Being just out of school and in the work force in 1975 is quite different than want it would have been today. The most a guy could hope for was a 6 pack of beer, going to see a "R" rated movie, and maybe having a nice Stereo to play cassettes and records. There was no designer drugs, video games, cell phones, DVR, IPODS, Internet porn or Match.com. We certainly had more than my parents did at my age, but not nearly the advantages of today's youth (or is that disadvantages). Relationships with friends and coworkers was the key. Those relationships would be what our memories would be made of during our late teens. I guess that is why I look back upon our friends at Builders Emporium in Reseda so fondly. Working together, going out to dinners, playing softball, going to company parties and just hanging out are the times I remember best.
In a previous blog I mentioned that the cast of characters in our store was on par with any great sitcom of the day. We had everything...the beautiful sexy housewares clerk (Sandy), the old Jewish fellow (Ben), the ex-marine (Chris), the smart beautiful accountant (Joan), the connected Italian Manager (Mr. S), his sidekick (Mr N.), the trumpet playing nerd (Steve), quiet instigator (Carey), on edge older pack a day smoker (Ed), and Mr Cool...Don.
We called him our Fonzie. Although he was more like a combination of Fonzie, Robin Williams and Charlie Manson. On the outside he was cool and unapproachable. But on his "good" days (most likely induced by something), personality bubbled up. He was quietly funny, and could be very mean. Whenever there was a confused older lady looking for help in the electrical dept., we would all hang out in the next aisle and wait for the poor lady to meet Mr. Sarcastic. He would be nice at first and if the lady couldn't quite understand, he would dig in and rip her apart. He was the rude we all wanted to be for those "hard to please" customers.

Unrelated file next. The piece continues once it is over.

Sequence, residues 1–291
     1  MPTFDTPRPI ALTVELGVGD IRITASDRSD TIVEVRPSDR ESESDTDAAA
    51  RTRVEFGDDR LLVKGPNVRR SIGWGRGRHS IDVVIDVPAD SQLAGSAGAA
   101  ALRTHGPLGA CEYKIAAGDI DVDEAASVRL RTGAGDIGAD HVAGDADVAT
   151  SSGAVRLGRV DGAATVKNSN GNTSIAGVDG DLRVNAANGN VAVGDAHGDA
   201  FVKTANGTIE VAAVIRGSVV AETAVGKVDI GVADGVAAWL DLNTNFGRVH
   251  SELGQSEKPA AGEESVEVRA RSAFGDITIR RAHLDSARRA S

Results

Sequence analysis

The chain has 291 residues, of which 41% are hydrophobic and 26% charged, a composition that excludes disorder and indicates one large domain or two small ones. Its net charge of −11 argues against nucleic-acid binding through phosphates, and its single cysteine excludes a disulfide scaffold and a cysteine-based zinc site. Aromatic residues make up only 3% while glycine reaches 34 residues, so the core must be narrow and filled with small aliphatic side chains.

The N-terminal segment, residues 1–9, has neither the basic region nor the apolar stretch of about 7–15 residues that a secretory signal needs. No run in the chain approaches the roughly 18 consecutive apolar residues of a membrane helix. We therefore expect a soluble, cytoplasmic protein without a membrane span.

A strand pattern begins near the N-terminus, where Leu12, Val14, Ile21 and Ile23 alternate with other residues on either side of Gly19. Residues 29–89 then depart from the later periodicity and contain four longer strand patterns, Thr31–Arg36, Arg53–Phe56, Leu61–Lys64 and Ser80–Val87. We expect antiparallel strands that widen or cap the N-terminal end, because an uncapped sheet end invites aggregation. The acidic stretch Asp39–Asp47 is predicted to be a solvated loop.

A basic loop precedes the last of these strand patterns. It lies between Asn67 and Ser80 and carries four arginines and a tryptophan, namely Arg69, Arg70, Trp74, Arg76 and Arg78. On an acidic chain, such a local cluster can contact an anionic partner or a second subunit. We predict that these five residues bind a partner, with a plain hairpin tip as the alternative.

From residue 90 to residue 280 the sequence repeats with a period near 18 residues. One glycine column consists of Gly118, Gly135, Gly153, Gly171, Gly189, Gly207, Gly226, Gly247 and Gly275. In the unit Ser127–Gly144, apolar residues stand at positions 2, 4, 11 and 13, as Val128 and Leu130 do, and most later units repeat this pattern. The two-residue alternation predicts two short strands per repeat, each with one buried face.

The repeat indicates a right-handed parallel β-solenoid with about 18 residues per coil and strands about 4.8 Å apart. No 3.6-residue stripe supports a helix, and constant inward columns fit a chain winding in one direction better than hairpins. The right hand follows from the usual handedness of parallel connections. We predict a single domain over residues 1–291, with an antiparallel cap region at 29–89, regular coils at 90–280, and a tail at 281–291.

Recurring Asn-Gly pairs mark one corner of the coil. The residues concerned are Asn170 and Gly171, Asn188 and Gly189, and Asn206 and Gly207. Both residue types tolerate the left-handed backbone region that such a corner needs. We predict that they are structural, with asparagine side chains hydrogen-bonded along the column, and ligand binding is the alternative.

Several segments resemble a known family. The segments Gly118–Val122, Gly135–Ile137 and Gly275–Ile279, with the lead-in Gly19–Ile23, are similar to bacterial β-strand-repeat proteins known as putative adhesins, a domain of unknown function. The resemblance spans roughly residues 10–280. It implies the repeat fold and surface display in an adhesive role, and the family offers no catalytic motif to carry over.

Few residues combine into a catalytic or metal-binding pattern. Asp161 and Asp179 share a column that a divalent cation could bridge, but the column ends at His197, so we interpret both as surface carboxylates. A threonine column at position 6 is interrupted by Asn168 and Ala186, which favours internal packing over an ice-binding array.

If it wasn't the customers, it was the old Jewish man in paint. Prank phone calls, throwing things on the floor and having him pick them up and just general yelling out his name from 5 aisle away to see how fast he could get there, Don had his fun and we all looked forward to what was next. There was his dark side as well. He and Sandy must have had some history before I got there, as they hated each other. It was dangerous to be in the vacinity when those two went at it. Sandy had no problem getting physical, but Don would just walk away muttering really good nasty nicknames.
Everyday at the early morning break, I would go next door to get something to eat from ThriftieMart and bring it back to the breakroom upstairs. And like your dog smelling food in the kitchen, Don would come walking in the breakroom. It would get to a point that i would try to sneek in as to not get noticed by Don...but he would always find a way to make an appearance. He would look at your food and ask.."Boy I love (whatever is on the table)...are you going to eat all that". He would ask in the cool Fonzie voice and 9 times out of 10 he would get at least a bite (just to get rid of him). Same thing would happen at lunch. I really don't think Don ever bought any food....he just knew when food was around, and wasn't shy about asking for his fare share. Considering he was tall and skinny (and considered himself a sex symbol) we couldn't figure out where all the food went.
Don was written up many times, had his job threatened dozens of times, took out and "dated" most of the women at the store (including customers), almost got in fistfights with other employees (and customers)...and all in all one of my early heroes of my life. I don't know why, he just was able to do the things I wanted to do but couldn't. One day he was gone...don't really remember what finally did it....but it happened and we never heard from him again. The store family would miss The Fonz, but their were many other characters to fill the void.